One of the top touring bands of this summer is New Kids on the Block. How can this be? Because tastes and ascetics are fungible. The music you hated as teenager could, conceivably, become enjoyable later in life. Just as the movies you once enjoyed often failed the test of time. And books are often better or worse -- but seldom equal -- in re-reading.
The aesthetics of tennis players change as well. Some of us got a vivid demonstration of this today on Centre Court. When he was winning Grand Slams (gulp) a decade ago, Lleyton Hewitt was easy to dislike. His game was largely defensive, predicated on speed and consistency, with little in the way of flair and artistry. His bona fides as a competitor were unquestionable every winner punctuated with his signature yell,
But then was then. We've changed. He's changed. And here is Hewitt today: he's a 30-year-old father and husband who -- despite his Grand Slam pedigree -- is outside the top 100, wringing whatever he can from his career. He's consigned to outer courts but doesn't play the
Hewitt played Robin Soderling on Centre Court today. This was precisely the kind of player Hewitt beat in his prime, a bigger hitter but lesser competitor. With two members of the Aussie tennis monarchy -- Tony Roche and Pat Rafter -- looking on, Hewitt won the first two sets. Then some combination of age, his body, and the occasion caught up with him. And, of course, Soderling hits the hell of the ball. Hewitt lost sets three, four and five.
If there was something touching about 40-year-old Kimiko Date Krumm competing against time (and Venus Williams) yesterday, there was something comparably poignant about watching Hewitt today, the great battler of his day, lose his flame in the fifth set. For most players similarly situated, this is the kind of result that has you contemplating career 2.0. Hewitt? Not so much. ""As long as I'm prepared to do the hard work and go through all the pain and mentally up and down after surgeries and still get in the gym and do all the hard slog, then you know something's right," he said afterward. "You know, you're retired for a long time once you're retired." Root against this guy now? C'mawn.
• No, it's not just you. Hot topic. Victoria Azarenka, also known for her arias, was banished to a back court. The commentators speculated that it was because of the noise factor. Hmmm. Helen of Philly asked a good question: "Do you think the tournaments could use court assignments to discourage shrieking -- grunting doesn't really capture what we're talking about here -- and are court assignments enough of a status symbol that players might respond?"
• Agree. (As read Frank Carvaliho points out, KDK ran the London Marathon in a time of under 3:30.) I'd like to see the men play best-of-three the first week, but it's not for aesthetics. It's to spare injuries and withdrawal and unnecessary wear and tear on their bodies. (And it would appease the television gods.) I don't think anyone wants to see tennis reduced to speed chess. But at a time when the sport has never been more physically demanding -- name a player other than Federer who hasn't missed time for injury over the past 24 months -- why make them play best-of-five matches during the first week?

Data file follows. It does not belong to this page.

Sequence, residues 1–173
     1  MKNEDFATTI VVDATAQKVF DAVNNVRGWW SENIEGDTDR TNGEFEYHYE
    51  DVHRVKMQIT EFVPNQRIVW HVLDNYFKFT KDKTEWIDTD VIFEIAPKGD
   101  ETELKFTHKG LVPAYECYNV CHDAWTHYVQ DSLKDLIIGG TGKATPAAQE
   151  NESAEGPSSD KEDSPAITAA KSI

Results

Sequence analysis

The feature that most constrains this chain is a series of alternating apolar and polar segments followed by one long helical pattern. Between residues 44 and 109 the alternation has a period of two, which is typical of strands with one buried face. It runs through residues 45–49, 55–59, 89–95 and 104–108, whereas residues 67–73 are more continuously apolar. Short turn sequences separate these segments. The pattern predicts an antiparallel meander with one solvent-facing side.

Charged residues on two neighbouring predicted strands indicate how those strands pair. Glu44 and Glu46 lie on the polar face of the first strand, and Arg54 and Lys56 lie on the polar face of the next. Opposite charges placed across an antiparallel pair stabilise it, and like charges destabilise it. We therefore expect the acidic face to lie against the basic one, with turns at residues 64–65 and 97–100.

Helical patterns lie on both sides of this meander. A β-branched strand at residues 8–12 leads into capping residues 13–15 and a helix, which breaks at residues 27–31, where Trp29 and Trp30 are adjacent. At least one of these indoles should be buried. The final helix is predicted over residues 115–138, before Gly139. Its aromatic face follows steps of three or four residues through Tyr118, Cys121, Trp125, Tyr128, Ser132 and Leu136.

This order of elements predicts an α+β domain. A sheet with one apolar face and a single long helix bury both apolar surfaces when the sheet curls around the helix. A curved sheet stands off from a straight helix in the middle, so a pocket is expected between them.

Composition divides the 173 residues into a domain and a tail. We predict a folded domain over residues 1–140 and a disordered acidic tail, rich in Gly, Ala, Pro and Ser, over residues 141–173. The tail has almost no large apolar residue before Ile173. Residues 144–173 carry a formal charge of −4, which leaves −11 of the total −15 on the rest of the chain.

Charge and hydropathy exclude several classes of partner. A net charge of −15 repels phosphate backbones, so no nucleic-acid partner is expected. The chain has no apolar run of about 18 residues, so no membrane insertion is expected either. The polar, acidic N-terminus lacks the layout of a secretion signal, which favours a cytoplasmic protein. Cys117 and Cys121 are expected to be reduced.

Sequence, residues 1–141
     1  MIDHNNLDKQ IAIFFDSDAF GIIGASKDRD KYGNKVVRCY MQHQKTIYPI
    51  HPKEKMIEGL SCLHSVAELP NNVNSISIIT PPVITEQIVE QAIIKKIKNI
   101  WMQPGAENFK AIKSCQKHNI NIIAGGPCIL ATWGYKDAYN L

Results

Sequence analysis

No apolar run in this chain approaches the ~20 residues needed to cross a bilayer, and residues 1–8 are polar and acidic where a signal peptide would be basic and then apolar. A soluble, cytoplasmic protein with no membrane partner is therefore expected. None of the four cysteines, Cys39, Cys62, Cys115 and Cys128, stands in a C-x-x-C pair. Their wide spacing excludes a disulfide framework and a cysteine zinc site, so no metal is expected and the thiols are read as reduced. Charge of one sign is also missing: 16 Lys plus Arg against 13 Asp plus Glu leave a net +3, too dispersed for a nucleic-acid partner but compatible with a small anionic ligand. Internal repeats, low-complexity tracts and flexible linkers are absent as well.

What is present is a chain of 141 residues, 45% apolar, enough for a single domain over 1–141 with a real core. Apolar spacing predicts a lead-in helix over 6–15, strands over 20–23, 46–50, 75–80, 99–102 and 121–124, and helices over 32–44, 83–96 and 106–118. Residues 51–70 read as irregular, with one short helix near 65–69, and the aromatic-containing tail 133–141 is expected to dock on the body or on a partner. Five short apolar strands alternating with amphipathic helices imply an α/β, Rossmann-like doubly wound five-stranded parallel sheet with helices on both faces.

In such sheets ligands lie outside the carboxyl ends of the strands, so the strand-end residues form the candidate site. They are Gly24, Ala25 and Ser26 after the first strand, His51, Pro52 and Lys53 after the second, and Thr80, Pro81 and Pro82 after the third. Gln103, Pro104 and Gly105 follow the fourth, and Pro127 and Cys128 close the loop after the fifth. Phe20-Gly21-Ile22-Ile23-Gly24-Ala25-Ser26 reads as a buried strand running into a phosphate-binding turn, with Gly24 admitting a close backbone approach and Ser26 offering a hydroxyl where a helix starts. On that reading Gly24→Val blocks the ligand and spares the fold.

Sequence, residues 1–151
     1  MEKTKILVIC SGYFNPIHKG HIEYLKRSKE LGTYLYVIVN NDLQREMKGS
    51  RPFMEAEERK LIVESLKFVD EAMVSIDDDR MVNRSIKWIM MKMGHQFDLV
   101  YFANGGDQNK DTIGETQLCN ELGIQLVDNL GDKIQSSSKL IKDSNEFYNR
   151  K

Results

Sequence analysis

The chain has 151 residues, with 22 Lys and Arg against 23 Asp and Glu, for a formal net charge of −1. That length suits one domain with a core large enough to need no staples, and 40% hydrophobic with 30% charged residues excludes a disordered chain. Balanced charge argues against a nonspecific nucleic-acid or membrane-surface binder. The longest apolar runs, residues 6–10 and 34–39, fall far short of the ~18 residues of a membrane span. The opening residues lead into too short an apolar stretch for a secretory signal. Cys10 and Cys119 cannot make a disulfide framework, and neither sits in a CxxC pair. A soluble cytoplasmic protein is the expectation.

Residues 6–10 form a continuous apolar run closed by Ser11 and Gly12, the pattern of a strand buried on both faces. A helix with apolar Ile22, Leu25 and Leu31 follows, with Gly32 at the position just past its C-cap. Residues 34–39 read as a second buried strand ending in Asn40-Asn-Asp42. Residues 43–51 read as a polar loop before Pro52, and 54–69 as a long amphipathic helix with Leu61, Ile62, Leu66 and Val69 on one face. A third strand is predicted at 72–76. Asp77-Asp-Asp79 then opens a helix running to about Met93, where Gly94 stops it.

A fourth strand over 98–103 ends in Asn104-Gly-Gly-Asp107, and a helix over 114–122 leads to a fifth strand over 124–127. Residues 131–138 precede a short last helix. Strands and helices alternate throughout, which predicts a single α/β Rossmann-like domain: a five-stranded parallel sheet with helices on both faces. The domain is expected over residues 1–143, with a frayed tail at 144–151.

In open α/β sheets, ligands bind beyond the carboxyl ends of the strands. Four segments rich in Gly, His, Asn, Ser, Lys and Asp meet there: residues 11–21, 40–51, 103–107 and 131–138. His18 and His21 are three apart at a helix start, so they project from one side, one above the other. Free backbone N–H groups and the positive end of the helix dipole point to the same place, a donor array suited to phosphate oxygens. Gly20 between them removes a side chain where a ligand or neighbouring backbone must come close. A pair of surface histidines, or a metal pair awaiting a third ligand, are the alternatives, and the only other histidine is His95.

• Consider us tsked. I was at that Safin-Federer in Melbourne -- borderline classic -- and I remember match point. Federer slipped, Safin hit a forehand, and, with no play, Federer desperately threw his racket at the ball. There would be no Grand Slam.
• We noticed the same. Hey, Del Potro, pick on someone your own size! The first opponent, Flavio Cipolla, was generously listed at 5-8, Rochus at 5-6. Not surprisingly JMDP won both. Next, he faces Gilles Simon, average height.
• One-third body. One-third mind. One-third racket. A real carpenter never blames his tools. But if players were given truth serum -- impossible when there's an endorsement deal in the balance -- I'd love to know how many slumps are attributable to racket switches.
• It's simple. The umpire hits "play" are the appropriate juncture. The clock winds down. The fans and the players all know the deal. If, say, a fan yells out as the player tosses the ball, the umpire has discretion to stop the clock. Otherwise, the player hits a serve before the buzzer sounds. Or he doesn't and is penalized. (There's a great deal about Nadal that I think is worthy of our respect. But I'm tired of the diplomatic immunity that he gets on this issue.)
• Thanks, Paul. And, yes, we're holding off on the GOAT talk for a while.
• I have read it and I am plugging it. It's quite good, an interesting twist on the conventional celebrity autobiography. And plugging your own book is no fun -- far and away the worst part of the process -- so you try to help those doing the publicity grind.
• Serena Williams will play in World TeamTennis matches in Albany (July 19) and New York (July 20) as a member of the Washington Kastles, against the N.Y. Sportimes.
• Wendy Tenzer-Daniels of Venice, Fla.: "Best interview so far: Mohamed Lahyani, chair umpire for last year's epic Isner-Mahut match. He was fun, informative and charming. Get him into the broadcast booth!"
• Ken Kelly of Oviedo, Spain: "I've been using
• A few of you also noted: www.watchtennislive.org.
• Just a reminder everyone read
• Sam of San Diego: "About lucky netcords, you think 'if you declined to apologize for a lucky winner, you'd be forgiven.' Largely true, but with a notable exception. In his press conference after beating Soderling in five sets over 92 hours, Nadal hinted that Robin Soderling could go to hell after the end of his life. Remember that you also noted it in your May 2009 column? Among Soderling's offenses: He mimicked Nadal by pulling his own shorts; and, he didn't say sorry after hitting a lucky net-cord." Soderling's response? 'Why should I say I'm sorry when it's the happiest moment of my life?'"
• Andrew of New York, N.Y.: "
• Jan Kooijman of Rotterdam has